# How does the Monty Hall Problem work? [duplicate]

So I was reading a few maths problems and I stumbled upon the Monty Hall problem. If you are not familiar with the Monty Hall problem it goes something like this:

You are on a game show (with the objective of winning a car) and you have three doors A, B and C. Each door has one of two goats or a car behind it. You pick a door, let's say A, and before revealing what's behind A. Monty shows you what's behind C - a goat. Now do you switch your door or keep with your door?

I initially thought that it's 50-50 chance of winning if you switch, however, the answer is 2/3, and I have tried to research into this, but couldn't find an answer that explained this clearly. Please, can someone explain why the probability of winning the car is 2/3 rather than 50-50.

## marked as duplicate by Steven Stadnicki, Leucippus, Chris Godsil, JonMark Perry, Hans EnglerMay 11 '18 at 2:21

• You have a $2/3$ chance of being wrong on your first guess. Each time you are wrong and switch to the remaining door, you will win. – zhw. May 10 '18 at 21:52
• This question has been asked and answered countless times on this site, as well as a bunch of other places - if there's a specific place where you're confused then please give more details; otherwise, this question just seems to me like a duplicate of the various others. – Steven Stadnicki May 10 '18 at 22:03
• It is essential that the problem state that the host (Monty Hall) knows which door hides the car and thus always picks a door that reveals a goat. – David G. Stork May 10 '18 at 23:34

If none of these intuitive answers convince you, let's do some concrete probability solving.

With $2/3$ chance you pick a door with a goat at the beginning. If you switch, you have a 100% chance of winning because Monty will have to reveal the remaining door with the goat.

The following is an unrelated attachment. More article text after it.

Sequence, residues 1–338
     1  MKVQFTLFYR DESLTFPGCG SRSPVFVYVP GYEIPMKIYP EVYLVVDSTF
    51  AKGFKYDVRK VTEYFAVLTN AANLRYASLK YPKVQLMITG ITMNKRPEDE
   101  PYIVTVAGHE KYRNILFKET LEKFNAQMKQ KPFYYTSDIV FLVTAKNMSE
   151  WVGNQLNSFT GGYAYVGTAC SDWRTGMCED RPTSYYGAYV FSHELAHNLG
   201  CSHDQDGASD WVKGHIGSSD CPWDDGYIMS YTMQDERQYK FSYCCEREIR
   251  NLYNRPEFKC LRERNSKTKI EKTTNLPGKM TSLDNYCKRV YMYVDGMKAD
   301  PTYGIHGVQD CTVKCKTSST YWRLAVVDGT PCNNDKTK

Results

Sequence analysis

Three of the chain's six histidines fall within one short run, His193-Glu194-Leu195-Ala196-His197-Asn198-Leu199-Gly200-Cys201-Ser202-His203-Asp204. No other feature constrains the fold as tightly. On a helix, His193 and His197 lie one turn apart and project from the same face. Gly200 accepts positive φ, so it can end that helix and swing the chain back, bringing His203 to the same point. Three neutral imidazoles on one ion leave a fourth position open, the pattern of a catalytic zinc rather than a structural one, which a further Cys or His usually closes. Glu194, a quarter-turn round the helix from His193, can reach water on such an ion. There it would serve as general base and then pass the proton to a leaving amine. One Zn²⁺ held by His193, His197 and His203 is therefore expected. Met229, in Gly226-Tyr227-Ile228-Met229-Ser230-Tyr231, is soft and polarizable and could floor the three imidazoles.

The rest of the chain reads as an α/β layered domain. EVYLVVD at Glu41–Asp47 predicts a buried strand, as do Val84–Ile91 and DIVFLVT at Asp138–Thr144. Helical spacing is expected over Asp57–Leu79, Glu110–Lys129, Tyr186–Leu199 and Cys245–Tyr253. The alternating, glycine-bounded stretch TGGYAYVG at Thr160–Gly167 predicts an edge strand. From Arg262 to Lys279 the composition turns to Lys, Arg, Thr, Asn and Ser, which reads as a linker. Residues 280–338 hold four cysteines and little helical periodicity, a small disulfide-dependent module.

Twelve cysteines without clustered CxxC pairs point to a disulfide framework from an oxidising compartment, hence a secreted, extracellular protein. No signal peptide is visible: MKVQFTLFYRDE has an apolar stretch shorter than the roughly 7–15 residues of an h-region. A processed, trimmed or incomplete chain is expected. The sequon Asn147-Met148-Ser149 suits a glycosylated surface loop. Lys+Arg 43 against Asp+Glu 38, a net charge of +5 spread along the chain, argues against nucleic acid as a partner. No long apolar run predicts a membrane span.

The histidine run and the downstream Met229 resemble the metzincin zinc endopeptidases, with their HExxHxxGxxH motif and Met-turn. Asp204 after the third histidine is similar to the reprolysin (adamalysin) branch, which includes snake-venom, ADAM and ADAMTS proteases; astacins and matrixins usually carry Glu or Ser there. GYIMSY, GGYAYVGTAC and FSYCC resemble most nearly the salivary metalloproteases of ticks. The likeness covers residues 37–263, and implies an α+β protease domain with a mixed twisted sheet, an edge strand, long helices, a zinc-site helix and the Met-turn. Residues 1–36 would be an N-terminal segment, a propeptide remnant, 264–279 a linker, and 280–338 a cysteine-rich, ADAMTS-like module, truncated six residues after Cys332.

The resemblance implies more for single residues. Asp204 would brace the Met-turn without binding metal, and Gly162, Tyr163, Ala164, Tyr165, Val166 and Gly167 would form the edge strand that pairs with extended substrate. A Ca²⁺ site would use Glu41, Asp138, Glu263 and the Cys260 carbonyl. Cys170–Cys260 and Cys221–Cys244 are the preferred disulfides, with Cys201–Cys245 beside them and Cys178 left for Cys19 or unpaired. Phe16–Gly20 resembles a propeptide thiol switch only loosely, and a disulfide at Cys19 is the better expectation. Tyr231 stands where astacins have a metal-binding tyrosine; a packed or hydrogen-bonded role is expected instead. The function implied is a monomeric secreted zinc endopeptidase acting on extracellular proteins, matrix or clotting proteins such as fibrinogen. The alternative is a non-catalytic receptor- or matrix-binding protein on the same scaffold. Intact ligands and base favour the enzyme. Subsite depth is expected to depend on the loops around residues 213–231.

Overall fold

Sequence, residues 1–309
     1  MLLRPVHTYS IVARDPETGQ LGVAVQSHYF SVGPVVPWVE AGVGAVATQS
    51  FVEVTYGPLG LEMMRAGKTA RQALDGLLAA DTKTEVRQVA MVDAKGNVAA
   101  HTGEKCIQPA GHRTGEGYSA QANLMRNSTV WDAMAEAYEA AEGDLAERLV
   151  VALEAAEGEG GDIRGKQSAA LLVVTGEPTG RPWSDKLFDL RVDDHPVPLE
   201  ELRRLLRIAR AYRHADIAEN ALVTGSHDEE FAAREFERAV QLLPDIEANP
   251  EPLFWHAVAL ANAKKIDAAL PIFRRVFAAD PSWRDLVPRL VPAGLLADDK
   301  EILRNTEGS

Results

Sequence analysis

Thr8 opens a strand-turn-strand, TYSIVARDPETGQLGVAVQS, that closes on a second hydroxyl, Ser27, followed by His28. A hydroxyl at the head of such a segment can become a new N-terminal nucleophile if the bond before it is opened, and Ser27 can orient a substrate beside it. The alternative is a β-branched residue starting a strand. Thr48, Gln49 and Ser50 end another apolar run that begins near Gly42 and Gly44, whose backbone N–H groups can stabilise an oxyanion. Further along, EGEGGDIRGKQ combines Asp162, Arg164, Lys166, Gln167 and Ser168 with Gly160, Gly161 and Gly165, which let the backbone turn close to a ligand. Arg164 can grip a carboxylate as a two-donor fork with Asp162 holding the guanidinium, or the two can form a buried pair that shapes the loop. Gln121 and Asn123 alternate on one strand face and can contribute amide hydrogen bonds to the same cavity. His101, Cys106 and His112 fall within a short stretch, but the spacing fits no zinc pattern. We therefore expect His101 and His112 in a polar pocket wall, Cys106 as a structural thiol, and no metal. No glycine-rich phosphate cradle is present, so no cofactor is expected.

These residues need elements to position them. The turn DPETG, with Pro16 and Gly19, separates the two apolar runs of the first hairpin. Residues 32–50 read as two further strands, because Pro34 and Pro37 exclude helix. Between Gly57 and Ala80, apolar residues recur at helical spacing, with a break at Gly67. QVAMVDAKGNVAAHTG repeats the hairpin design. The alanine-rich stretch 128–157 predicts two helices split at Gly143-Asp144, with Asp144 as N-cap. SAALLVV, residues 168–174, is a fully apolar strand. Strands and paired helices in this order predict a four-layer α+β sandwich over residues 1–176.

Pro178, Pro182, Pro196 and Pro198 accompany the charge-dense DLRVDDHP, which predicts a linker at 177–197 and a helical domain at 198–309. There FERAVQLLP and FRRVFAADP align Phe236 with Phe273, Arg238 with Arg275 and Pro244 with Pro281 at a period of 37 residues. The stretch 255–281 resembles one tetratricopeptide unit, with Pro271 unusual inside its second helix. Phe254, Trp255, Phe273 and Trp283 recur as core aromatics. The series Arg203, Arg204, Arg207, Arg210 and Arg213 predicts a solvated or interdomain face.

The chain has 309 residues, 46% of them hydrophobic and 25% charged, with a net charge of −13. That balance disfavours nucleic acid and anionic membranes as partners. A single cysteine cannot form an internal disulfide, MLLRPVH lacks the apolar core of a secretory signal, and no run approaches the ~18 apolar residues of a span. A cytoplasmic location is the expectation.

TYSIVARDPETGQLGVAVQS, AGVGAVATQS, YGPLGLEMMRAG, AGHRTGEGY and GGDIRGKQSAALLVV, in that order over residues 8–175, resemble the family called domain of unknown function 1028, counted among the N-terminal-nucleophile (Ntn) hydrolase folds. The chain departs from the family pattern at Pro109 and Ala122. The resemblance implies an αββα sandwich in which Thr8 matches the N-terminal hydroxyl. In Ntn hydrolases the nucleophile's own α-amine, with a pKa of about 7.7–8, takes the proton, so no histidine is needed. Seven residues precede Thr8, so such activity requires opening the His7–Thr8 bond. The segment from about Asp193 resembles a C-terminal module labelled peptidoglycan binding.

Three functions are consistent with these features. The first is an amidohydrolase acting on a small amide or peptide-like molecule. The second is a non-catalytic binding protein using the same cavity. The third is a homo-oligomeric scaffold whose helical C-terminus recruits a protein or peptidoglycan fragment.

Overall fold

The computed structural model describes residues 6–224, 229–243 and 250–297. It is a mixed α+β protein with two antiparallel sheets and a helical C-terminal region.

With 1/3 chance you pick the door with the car behind it. Now if you switch, then you will definitely lose, because the two remaining doors both have goats behind them.

So you can see you will win $2/3$ of the time if you switch.

• I get what you mean – Benny May 10 '18 at 22:45
• Makes sense, cheers – Benny May 10 '18 at 22:45
• Glad I could help. – TheLeogend May 10 '18 at 23:15

It's hard to say what kind of explanation you will find compelling if you don't point to what you've already read. But at any rate...

Because there are two goats and only one prize, Monty can always show you a goat in one of the two doors that you didn't choose. Therefore, revealing the goat gives you no additional information about the door you chose.

Since you initially had a $1/3$ chance of choosing correctly, with no increase in information, that's your chance of winning if you stay with the same door. Therefore, the probability of winning if you switch must be what remains: $1-1/3 = 2/3$.

The problem becomes more clear if we consider, for example, $100$ doors with one car behind.

In this case we have

• $99/100$ chance to be wrong
• $1/100$ chance to guess the door with the car behind

Then in $99\%$ of the cases changing the door will be a good strategy to win the car.

With three door the same explanation holds but the chances are respectively $2/3$ and $1/3$.